Simulated ENSO in climate models of the CMIP5 data base is still too divers to allow reliable predictions, how ENSO will change under global warming (Stocker et al. 2013). The atmospheric component of CGCMs was identified as major source of diversity (Lloyd et al. 2011). In many state-of-the-art CGCMs the positive (amplifying) atmospheric Bjerknes feedback and the negative (damping) heat flux feedback are both underestimated, leading to an error compensation (Bellenger et al. 2014, Bayr et al. 2018). Therefore, many CGCMs have biased ENSO dynamics, which hamper the simulation of strong El Niño events.
During El Niño events the upwelling in the eastern Pacific is reduced and the thermocline is deeper than normal. Especially during strong El Niño events oxygen rich water is brought from the top into the OMZ (up to 300m depth), as observed during the strong El Niño in 1997 close to cost of Peru (Levin et al. 2002). As climate models with weak atmospheric feedbacks have problems in simulating strong El Niño events, this leads to a much weaker inflow of oxygen rich water into the OMZ from top in models with weak atmospheric feedbacks.
We were able to produce in a series of perturbed physics experiments with the Kiel Climate Model (KCM) the same spread in ENSO atmospheric feedbacks then seen in the CMIP5 data base, due to different mean state climates in the tropical Pacific. In these KCM experiments we want to show the influence of the underestimated ENSO atmospheric feedbacks and biased ENSO dynamics on the simulation of the mean ocean circulation, the variability of the tropical ocean currents and the Pacific OMZ in coupled climate models.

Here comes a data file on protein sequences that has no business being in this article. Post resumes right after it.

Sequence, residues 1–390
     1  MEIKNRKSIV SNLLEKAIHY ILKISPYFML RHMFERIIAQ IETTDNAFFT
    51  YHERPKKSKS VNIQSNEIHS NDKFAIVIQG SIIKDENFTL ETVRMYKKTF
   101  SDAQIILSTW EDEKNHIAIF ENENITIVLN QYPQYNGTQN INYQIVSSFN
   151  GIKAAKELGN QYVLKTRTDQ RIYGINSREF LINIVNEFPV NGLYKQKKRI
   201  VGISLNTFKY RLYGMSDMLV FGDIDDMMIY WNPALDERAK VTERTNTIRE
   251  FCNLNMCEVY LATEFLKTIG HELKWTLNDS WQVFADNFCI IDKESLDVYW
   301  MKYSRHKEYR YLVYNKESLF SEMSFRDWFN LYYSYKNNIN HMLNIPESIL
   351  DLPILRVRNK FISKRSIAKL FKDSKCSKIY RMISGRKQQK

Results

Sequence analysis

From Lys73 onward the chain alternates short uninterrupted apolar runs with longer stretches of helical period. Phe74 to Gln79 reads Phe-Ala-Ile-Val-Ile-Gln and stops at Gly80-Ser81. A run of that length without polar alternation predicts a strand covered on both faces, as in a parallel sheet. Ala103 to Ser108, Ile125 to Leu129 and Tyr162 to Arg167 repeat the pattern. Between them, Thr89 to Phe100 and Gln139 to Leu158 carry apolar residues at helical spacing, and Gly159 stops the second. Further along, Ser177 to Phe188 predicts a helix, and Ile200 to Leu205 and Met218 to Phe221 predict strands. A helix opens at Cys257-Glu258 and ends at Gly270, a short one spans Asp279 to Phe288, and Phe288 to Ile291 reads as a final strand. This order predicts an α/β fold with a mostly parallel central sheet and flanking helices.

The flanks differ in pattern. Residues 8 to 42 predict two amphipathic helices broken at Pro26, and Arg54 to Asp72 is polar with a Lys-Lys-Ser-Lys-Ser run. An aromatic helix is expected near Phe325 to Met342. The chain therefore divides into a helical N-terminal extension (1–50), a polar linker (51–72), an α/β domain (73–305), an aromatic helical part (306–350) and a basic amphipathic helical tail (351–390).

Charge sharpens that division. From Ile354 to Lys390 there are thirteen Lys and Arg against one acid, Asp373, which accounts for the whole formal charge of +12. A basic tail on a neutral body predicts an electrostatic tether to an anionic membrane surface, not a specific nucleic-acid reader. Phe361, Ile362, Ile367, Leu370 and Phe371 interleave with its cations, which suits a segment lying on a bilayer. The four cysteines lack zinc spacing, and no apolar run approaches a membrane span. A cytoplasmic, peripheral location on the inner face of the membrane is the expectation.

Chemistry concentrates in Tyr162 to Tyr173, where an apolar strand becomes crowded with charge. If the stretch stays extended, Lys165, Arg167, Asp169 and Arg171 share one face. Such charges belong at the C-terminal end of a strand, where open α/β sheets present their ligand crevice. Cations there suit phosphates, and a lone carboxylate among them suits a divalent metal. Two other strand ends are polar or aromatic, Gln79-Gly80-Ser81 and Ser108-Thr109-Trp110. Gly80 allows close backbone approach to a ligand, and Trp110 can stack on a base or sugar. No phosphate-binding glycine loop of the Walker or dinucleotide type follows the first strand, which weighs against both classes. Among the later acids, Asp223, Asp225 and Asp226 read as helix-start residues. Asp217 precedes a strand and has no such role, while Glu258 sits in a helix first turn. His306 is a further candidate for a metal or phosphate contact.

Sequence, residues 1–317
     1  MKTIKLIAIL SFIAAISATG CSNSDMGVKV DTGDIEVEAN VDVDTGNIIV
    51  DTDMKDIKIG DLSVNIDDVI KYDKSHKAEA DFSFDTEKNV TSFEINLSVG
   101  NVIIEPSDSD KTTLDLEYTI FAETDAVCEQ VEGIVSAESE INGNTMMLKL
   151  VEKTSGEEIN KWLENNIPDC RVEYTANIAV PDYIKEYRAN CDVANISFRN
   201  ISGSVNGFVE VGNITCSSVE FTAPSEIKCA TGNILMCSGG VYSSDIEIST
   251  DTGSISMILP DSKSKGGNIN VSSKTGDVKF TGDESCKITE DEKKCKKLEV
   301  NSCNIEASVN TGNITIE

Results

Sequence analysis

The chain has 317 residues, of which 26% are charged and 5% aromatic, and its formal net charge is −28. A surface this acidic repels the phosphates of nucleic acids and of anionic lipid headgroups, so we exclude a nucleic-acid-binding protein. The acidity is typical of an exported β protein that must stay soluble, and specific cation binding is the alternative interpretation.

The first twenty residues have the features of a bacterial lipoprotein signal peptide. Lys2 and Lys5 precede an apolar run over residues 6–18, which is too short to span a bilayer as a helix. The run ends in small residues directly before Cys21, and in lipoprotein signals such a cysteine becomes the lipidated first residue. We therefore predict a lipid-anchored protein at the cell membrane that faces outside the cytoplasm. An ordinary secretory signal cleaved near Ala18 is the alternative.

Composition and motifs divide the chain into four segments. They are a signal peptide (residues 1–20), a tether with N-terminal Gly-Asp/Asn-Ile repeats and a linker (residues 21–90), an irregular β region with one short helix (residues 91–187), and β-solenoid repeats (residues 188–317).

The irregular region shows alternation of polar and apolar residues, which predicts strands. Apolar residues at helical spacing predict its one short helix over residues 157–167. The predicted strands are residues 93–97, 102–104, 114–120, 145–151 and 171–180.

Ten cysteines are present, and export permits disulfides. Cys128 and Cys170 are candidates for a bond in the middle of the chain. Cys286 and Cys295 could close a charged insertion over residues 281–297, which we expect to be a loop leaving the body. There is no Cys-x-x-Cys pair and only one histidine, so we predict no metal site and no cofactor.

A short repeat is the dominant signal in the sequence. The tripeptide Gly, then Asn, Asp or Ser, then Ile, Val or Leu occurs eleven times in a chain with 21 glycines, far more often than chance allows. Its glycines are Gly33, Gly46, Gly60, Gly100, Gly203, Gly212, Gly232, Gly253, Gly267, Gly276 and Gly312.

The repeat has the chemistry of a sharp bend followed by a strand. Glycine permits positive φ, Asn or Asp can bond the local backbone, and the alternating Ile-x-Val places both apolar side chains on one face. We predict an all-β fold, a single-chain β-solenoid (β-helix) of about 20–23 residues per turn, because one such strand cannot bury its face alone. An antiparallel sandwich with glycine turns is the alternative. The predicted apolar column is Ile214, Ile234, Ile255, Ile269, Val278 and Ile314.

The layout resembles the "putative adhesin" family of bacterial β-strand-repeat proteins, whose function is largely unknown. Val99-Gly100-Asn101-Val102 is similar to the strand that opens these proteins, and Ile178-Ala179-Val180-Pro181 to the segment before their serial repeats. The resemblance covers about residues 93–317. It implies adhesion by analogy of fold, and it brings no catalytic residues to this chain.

Bayr, T. et al., 2018: Mean state dependence of ENSO atmospheric feedbacks in climate models. Clim. Dyn., 50, 3171, doi:10.1007/s00382-017-3799-2
Bellenger, H. et al., 2014: ENSO representation in climate models: From CMIP3 to CMIP5. Clim. Dyn., 42, 1999–2018, doi:10.1007/s00382-013-1783-z.
Levin, L. et al., 2002: Benthic processes on the Peru margin : a transect across the oxygen minimum zone during the 1997 – 98 El Nino. 53, 1–27.
Lloyd, J. et al., 2011: The role of atmosphere feedbacks during ENSO in the CMIP3 models. Part II: using AMIP runs to understand the heat flux feedback mechanisms. Clim. Dyn., 37, 1271–1292, doi:10.1175/JCLI-D-11-00178.1.
Stocker, T. et al., 2013: IPCC 2013: Climate change 2013: The physical science basis. Cambridge University Press, New York, 1535 pp.
|Are you a SFB 754 / Future Ocean member?||Yes|